“Thus 3 Henry VI is composed of a large portion of a pre-Shakespearean play, of another, still larger portion fundamentally pre-Shakespearean but more or less modified in the expression, and of a third portion entirely by Shakespeare. The pre-Shakespearean element, both in its identical and mixed forms, constitutes about two-thirds of the whole play and provides the entire structure of the action; the Shakespearean element is inserted by fragments of sometimes only one or two lines and indisputably has the character of amplifications or accessions. 3 Henry VI, exactly like 2 Henry VI, is an old play, written by author A, first amended by author B, and finally revised and partly rewritten by Shakespeare (136).”

“First of all, in the mixed portion [Shakespeare’s revision] it consisted in freeing the versification of its abnormalities. Lines either too long or too short were, with rare exceptions, transformed into decasyllables; trisyllabic feet were eliminated. Numerous  improvements were made on the dialogue. For a banal expression there was substituted a more precise or more suggestive synonym. Ideas too curtly or too simply expressed were expanded and often enriched with poetical embellishments… (137).” The influential E. K. Chambers declared that he did not believe in line-by-line revision, an argument challenged by J. D. Wilson, and proved by Feuillerat.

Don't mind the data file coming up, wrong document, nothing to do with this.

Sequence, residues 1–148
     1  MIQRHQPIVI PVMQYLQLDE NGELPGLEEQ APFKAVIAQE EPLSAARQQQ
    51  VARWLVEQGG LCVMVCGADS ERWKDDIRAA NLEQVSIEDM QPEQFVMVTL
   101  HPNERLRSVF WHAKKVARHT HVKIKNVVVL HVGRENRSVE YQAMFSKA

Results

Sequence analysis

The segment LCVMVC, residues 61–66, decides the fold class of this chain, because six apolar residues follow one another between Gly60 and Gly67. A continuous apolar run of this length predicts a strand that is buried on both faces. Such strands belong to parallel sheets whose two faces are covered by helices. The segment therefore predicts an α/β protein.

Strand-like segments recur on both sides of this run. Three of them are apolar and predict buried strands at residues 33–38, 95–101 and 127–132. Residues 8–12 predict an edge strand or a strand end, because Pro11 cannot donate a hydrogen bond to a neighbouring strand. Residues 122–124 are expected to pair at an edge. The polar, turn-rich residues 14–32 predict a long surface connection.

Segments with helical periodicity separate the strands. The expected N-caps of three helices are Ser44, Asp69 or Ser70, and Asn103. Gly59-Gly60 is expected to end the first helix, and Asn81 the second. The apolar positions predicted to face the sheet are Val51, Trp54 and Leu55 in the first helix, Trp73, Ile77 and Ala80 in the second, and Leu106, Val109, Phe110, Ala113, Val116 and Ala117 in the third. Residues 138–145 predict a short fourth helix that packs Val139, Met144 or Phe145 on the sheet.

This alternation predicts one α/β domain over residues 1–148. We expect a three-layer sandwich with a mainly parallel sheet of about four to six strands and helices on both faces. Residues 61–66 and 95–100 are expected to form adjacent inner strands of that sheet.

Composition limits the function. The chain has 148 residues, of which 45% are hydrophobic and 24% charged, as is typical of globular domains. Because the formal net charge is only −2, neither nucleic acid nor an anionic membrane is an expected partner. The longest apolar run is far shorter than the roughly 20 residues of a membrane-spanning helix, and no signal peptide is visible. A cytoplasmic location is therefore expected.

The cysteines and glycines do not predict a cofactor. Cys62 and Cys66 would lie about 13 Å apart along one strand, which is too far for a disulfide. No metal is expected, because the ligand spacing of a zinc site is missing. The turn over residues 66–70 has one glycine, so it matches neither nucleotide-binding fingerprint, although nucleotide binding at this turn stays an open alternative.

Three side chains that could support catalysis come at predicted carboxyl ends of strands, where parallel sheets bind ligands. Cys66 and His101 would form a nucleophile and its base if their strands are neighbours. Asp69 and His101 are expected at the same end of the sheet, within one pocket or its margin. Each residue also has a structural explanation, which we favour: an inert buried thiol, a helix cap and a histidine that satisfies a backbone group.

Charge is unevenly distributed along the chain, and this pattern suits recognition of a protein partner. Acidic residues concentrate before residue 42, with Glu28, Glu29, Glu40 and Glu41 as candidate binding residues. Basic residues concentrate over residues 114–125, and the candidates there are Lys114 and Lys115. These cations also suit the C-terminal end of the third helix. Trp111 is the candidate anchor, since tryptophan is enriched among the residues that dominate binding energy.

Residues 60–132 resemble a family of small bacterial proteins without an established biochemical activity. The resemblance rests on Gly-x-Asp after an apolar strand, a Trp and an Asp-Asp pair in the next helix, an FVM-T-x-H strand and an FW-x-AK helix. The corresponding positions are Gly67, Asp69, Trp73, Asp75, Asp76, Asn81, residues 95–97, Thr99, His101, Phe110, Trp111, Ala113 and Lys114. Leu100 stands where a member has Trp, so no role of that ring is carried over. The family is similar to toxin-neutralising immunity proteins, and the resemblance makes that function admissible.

“Two periods can be distinguished in the Shakespearean additions….[early] A total of 10 feminine endings in 173 lines or an average of 5.7%. A few passages have a distinctly higher proportion of feminine endings: A total of 19 feminine endings105 lines or an average of 18%.  These passages must belong to a later revision, and this revision must have been made at the same period and for the same reason as the second revision of 2 Henry VI not only because three of these passages have pretty much the same percentages as the passages with the higher percentages in 2 Henry VI, but also because they have the same aim—to make King Henry a sympathetic figure.  (139)